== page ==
Both attention and perceptual learning improved the performance of a cross-validated, optimal linear stimulus decoder (fig. S6). However, the relationship between correlated variability in V4 and performance (Fig. 3) seems at odds with theoretical work that suggests most correlated variability should not affect the stimulus information that can be gleaned from an optimal decoder (6).

To examine the relationship between correlated variability and performance more directly, we developed a single-trial measure of correlated variability. We performed principal component analysis (PCA) on population responses to the same repeated stimuli used to compute spike count correlations (fig. S3), meaning that the first PC is by definition the axis that explains more of the correlated variability than any other dimension (Fig. 4, A and B, x axis). Consistent with the recent observation that correlated variability is typically low dimensional (1012), the variance explained by the first PC was strongly related to the magnitude of correlated variability in each session, even when we accounted for the changes caused by attention and learning (Fig. 4, C and D, and fig. S7) and trial-averaged firing rates (figs. S8 to S11). Like correlated variability (Fig. 3), the proportion of variance explained by the first PC was correlated with behavioral performance (d ′) across all sessions [Monkey 1, correlation coefficient (R) = –0.42, P < 10−13; Monkey 2, R = –0.62, P < 10−15].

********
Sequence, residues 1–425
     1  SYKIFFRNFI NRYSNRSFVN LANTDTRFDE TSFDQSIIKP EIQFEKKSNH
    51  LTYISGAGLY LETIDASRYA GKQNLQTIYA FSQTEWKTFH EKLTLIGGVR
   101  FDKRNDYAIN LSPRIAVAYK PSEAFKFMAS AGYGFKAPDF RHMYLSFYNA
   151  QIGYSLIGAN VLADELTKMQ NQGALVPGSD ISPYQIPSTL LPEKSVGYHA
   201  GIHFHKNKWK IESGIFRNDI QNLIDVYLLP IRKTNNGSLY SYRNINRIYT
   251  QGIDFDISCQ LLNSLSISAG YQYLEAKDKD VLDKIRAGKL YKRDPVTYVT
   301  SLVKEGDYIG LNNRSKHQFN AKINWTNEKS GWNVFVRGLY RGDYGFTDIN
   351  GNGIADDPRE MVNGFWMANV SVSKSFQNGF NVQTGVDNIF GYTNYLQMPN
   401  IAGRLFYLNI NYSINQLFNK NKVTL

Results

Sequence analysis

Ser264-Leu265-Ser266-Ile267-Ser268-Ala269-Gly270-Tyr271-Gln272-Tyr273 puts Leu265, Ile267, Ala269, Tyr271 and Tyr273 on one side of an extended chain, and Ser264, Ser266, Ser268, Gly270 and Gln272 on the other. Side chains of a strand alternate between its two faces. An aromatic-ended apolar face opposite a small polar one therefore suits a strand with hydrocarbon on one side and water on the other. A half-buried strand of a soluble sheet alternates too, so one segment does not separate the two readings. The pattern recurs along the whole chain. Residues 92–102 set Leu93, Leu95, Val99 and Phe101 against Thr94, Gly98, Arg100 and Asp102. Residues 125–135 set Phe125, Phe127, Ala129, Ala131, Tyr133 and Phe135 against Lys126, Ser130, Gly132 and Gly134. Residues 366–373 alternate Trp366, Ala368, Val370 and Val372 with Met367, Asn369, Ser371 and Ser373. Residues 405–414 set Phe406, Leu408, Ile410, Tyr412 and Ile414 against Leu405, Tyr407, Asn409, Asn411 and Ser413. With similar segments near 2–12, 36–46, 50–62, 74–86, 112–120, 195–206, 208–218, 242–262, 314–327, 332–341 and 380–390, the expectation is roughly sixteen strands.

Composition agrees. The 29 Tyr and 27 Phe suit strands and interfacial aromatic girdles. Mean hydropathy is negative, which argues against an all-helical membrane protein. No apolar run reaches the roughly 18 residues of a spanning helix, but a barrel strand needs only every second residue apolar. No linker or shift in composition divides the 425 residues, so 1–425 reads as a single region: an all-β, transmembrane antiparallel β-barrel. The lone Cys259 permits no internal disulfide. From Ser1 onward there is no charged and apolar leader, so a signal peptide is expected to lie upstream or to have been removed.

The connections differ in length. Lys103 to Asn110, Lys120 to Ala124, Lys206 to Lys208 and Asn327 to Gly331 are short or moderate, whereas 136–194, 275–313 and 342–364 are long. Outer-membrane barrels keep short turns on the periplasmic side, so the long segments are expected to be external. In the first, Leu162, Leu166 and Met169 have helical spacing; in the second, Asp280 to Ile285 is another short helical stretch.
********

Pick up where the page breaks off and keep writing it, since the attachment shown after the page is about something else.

Fig. 4 Correlated variability is more closely aligned with choices than would be expected from an optimal stimulus decoder.

(A) Schematic showing how we obtained our single-trial measure of correlated variability. We performed PCA on responses to the stimulus before the change (gray) and to the changed stimulus (black). The stimulus decoder detects differences between the responses to the previous and changed stimuli. The choice decoder detects differences between responses to misses and hits. (B) Example data set showing that the animal’s choices are more aligned with the first PC (x axis) than the difference between the previous and changed stimuli, which depends on both the first and second PC. (C and D) Mean rSC is highly correlated with proportion of variance explained by the first PC (P < 10−11; residuals, P < 10−9). (E and F) Performance of the choice and stimulus decoders normalized to their maximum performance (with the full data set), with SEM. (Inset) Raw decoder performance.